The HSE annual budget for new drugs is limited. An underprediction of the budget would have far greater consequences on the limited resources that the HSE have to spend than an overprediction. The HSE state in their National Service Plan 2020 that there is no specific funding in 2020 identified for new drugs. It is, therefore, necessary for the HSE to consider carefully the funding of each recommended drug in the context of available resources and monitor the areas closely, warranting further research into the predictive ability of the budget impact analysis.

One limitation of this analysis was that the gross drug budget impacts were compared, not the net drug budget impacts, which have the potential for further differences in the real-world drug expenditure when rebates, fees, and the list price of comparator drugs are taken into consideration. In addition, the number of drugs included in the analysis was limited.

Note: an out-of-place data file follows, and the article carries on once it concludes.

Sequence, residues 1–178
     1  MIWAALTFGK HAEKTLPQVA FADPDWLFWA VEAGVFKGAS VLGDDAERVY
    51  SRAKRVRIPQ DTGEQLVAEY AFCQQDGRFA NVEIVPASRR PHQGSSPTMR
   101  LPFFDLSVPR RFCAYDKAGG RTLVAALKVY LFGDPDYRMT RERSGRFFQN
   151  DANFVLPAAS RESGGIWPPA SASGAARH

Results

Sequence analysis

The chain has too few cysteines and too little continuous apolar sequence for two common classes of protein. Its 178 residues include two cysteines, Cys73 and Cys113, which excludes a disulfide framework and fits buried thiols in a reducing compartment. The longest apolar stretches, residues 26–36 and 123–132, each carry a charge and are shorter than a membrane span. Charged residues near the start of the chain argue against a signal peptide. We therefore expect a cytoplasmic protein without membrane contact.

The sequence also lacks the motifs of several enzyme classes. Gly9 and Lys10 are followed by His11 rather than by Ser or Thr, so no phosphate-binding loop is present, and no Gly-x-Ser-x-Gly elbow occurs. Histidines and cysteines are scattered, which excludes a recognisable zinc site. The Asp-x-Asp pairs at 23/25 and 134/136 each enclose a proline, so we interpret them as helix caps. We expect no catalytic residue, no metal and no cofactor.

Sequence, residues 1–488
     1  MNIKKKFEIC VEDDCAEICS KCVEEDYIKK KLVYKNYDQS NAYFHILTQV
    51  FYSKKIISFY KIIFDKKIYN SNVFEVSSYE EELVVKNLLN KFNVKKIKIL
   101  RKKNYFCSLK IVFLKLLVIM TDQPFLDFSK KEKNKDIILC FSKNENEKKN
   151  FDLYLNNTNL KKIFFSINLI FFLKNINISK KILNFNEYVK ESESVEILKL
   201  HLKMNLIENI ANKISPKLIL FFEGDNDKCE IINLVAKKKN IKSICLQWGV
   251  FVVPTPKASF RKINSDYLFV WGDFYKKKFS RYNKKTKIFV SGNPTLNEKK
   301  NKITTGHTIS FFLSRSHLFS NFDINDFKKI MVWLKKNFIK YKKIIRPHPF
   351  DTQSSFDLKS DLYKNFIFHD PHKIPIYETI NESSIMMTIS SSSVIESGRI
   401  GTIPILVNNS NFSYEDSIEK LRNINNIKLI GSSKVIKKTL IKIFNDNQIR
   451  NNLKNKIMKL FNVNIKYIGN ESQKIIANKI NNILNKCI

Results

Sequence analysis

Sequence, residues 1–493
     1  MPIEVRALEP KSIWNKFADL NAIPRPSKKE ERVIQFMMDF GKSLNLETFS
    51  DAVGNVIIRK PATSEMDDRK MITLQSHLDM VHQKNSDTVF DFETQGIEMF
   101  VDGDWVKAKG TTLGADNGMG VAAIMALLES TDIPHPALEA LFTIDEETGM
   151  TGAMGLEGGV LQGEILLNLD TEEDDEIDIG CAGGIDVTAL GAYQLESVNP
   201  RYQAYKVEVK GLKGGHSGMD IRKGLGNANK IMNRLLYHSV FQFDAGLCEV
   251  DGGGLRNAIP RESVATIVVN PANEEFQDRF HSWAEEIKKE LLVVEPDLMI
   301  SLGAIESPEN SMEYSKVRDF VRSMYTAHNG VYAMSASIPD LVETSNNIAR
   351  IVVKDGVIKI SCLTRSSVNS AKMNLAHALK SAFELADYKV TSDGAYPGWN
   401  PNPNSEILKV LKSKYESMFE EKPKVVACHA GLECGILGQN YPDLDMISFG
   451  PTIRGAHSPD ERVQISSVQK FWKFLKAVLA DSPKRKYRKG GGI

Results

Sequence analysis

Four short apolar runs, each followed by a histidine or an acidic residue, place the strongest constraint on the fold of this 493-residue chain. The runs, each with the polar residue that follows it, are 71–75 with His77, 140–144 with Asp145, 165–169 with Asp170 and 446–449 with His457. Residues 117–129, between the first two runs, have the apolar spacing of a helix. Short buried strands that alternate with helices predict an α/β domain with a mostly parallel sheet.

Conclusion

This research has demonstrated that there is inconsistency among the parameters included in the budget impact models submitted to the NCPE, a national HTA agency, and models have limited utilisation prediction accuracy compared to the realised utilisation. This information will be useful for our decision makers. An electronic budget impact template for applicants has been developed to attempt to provide a more systematic approach to the models. This may limit uncertainties in predictions of expenditure. Further research may lie in exploring the usefulness and practical considerations of applicants to include a probabilistic sensitivity analysis.

References